Among active-duty troops, there has been an uptick in suicides this year – about one a day, compared with one every 36 hours in previous years, The Associated Press reported earlier this month. Among veterans from all of the nation’s wars, about 18 each day commit suicide.
The Secretary for Veterans Affairs, Eric Shinseki said that video conferencing would reduce the distance patients have to travel and make it easier to fit appointments within a busy schedule. He also pointed out that more veterans were communicating with the department’s staff through online chats and text messages, and that the department is encouraging the trend because it reduces the stigma that some patients feel when they seek treatment.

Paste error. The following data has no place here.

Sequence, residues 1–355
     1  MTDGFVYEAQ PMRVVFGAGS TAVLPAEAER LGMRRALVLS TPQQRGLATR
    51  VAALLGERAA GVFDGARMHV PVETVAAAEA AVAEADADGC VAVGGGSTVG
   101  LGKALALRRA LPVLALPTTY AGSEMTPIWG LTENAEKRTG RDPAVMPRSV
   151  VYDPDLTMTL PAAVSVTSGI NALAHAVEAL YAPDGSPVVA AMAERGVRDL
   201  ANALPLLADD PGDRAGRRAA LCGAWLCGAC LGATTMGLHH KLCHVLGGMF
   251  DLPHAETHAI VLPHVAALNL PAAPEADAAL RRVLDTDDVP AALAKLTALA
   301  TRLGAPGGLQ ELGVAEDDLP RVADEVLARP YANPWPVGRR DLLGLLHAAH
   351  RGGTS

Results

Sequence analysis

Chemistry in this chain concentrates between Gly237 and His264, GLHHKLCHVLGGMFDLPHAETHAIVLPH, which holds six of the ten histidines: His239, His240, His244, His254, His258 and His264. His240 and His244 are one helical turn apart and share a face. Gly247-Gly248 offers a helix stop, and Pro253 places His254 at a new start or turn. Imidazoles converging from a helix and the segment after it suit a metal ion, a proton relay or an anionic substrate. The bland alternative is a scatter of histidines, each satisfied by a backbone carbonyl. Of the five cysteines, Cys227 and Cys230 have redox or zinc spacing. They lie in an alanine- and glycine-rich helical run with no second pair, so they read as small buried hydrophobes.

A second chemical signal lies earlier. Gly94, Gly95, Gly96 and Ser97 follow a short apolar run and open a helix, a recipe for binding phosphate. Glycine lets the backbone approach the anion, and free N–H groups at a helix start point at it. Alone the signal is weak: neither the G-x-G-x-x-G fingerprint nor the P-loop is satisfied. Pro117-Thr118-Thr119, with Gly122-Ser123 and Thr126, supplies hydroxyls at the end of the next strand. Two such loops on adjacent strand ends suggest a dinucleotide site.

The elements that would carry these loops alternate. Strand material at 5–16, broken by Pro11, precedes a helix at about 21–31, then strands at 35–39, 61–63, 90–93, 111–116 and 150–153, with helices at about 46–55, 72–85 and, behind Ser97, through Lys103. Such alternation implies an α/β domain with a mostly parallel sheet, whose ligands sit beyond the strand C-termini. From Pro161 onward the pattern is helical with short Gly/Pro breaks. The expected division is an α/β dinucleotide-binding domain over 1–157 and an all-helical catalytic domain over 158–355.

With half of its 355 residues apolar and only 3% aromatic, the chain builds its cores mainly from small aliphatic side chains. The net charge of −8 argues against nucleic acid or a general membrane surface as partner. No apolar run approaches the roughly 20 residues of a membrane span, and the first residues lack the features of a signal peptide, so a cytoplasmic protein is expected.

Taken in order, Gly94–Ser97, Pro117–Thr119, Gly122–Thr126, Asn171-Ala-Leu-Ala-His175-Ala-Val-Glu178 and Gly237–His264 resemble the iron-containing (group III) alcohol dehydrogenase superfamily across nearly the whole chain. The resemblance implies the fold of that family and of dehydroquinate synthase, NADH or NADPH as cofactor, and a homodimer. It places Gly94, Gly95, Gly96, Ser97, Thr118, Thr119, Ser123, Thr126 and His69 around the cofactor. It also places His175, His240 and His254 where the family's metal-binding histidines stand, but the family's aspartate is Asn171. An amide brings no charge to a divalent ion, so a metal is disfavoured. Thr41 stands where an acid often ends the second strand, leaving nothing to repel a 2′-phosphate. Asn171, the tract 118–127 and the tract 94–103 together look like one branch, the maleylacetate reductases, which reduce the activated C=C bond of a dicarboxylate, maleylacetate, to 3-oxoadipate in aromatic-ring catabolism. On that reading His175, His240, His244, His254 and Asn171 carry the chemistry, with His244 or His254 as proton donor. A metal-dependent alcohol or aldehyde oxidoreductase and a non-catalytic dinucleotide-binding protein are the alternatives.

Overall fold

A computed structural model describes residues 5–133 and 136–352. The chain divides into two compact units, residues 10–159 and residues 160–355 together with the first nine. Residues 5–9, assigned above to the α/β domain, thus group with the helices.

“Shame keeps too many veterans from seeking help,” Shinseki said at a suicide prevention conference.
Shinseki oversees a department that members of Congress have criticized heavily in recent months for overstating how frequently patients are able to see a doctor or other mental-health professional. An inspector general’s investigation found that nearly half of the veterans seeking mental-health care for the first time waited about 50 days before getting a full evaluation. Meanwhile, the VA had been reporting that the vast majority of evaluations were being conducted within 14 days.
Shinseki said the path toward suicide often begins before soldiers take off their uniforms, and that’s why he hopes to integrate the electronic health records used by the VA and the Defense Department by 2017.